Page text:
Reaping the Harvest
Harvest of Thorns was not intended to be a stand alone adventure. It was, instead, supposed to be an inspiration and set of loose guidelines for running a mini-cycle. This document is made not to make Harvest an out of the book adventure, but to add notes, ideas, and resources to help Weavers use the material in the book to run that mini-cycle. Included are suggestions for weaving the Seeds into a campaign, bringing out their back stories, getting the PCs involved in their lives, and notes for the possible consequences of either the characters success or their failure.
Harvest of Thorns is best played pre-burning (before Vimary Burns), as it assumes that Mortuary, Lai, and other Tribal lands are still free, and uses the pre-burning relation between Fallen and Tribals. Any time before the burning should be workable for the plot. The one major note of change would be that if the characters are working with Colette post Warrior Unbound then they may try to get Marcus to change his mind about Colette and Dimitri without a fight. If the Fallen can rejoin the Joanites, after all, then surly they cannot be as horrid as the Tribes had assumed? This line of reasoning, however, would probably not sway Marcus -- as he hated Colette well before her fall. He still thinks she is what is poisoning Dimitri, and the change of stance of his Fatima towards the Fallen in general would not be enough to convince him that he was wrong.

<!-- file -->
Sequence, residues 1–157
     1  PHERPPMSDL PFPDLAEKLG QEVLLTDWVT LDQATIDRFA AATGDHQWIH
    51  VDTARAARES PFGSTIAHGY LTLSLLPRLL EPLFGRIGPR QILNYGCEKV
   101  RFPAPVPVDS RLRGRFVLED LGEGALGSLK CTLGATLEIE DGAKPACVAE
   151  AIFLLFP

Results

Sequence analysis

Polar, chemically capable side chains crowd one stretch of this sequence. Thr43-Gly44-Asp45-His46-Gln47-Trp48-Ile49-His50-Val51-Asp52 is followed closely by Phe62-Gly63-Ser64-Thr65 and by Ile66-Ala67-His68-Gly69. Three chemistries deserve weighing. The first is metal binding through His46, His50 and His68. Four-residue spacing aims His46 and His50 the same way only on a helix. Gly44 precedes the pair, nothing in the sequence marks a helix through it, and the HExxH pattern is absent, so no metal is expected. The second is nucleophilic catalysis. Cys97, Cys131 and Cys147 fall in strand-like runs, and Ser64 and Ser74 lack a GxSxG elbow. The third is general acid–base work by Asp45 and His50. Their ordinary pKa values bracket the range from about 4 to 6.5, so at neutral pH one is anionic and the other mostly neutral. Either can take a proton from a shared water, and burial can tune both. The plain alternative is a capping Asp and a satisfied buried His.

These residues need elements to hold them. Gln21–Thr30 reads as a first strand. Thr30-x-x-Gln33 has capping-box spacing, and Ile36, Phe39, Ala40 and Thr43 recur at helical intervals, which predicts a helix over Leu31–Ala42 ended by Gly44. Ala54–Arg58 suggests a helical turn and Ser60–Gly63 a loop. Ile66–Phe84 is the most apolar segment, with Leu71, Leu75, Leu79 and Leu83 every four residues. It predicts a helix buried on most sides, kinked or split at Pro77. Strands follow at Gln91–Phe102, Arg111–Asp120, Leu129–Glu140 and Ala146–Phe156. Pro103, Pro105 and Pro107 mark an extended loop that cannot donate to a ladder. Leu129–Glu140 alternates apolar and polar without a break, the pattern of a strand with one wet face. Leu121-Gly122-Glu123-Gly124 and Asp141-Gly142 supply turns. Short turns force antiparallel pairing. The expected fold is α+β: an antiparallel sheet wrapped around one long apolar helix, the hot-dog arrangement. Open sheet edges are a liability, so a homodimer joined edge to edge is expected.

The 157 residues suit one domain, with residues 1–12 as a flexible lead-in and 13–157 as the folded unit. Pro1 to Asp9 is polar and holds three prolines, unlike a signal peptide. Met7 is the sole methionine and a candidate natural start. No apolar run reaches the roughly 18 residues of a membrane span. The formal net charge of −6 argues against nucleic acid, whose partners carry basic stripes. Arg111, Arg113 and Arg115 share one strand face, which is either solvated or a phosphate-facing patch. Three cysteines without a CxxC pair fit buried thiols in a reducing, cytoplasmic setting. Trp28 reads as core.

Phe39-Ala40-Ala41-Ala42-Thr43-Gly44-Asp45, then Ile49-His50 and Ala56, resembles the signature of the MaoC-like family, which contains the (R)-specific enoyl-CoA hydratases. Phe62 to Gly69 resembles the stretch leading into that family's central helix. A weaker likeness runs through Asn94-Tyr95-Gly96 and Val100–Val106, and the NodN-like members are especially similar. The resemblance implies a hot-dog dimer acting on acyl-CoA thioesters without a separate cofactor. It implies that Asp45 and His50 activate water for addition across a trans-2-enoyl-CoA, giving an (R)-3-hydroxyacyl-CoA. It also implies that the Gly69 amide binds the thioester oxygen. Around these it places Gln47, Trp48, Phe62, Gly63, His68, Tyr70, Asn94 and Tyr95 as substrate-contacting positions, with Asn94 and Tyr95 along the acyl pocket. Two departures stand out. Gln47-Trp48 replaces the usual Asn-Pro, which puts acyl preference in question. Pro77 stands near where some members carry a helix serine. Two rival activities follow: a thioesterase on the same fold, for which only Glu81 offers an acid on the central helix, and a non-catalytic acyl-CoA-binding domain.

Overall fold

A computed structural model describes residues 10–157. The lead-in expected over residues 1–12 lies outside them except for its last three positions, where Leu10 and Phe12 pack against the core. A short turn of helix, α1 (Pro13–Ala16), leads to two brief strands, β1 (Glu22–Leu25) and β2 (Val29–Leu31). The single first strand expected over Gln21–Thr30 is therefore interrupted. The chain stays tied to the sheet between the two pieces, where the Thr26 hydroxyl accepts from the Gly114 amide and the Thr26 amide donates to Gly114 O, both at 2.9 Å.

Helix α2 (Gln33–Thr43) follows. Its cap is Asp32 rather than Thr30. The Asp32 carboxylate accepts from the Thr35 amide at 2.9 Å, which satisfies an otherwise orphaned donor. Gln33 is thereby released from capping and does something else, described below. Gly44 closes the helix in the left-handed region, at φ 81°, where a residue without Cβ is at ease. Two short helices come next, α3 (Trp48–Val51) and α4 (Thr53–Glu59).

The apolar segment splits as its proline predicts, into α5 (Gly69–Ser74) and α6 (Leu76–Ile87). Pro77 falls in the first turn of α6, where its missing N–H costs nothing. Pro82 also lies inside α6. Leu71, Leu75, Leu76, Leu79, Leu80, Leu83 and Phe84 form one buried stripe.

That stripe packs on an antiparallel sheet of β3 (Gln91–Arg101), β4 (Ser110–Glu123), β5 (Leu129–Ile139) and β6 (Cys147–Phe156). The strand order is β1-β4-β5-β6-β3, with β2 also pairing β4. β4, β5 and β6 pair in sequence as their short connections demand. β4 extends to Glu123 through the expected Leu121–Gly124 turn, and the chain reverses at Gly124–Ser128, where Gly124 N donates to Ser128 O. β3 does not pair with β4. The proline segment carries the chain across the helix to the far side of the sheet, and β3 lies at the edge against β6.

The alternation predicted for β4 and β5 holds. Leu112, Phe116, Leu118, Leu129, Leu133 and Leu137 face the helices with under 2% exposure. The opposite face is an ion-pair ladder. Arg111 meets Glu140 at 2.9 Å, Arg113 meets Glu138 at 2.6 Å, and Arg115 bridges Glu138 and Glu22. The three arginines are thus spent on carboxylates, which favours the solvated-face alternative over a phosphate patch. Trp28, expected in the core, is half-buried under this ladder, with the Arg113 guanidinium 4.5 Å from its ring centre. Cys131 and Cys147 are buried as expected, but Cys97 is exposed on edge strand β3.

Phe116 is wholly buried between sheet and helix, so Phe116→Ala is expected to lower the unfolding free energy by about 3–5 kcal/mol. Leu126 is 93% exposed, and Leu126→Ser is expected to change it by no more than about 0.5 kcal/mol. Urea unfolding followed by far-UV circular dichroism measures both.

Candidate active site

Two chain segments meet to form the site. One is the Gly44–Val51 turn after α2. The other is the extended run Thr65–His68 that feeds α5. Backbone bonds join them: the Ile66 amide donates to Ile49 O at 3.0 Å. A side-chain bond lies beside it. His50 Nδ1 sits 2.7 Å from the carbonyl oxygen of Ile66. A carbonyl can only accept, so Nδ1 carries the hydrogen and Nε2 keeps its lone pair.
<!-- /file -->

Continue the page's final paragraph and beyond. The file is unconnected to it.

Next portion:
If a Weaver wished to set it post-burning they could, but would have to make allowances for the change in relations and locations such a decision would entail. The back stories of the Seeds would not need to be changed, as they could just have fallen before the burning. Colette will work best if her fall was as close to the burning as possible, as the longer she has been on Vimary the more improbable her sudden need to return to Dimitri becomes.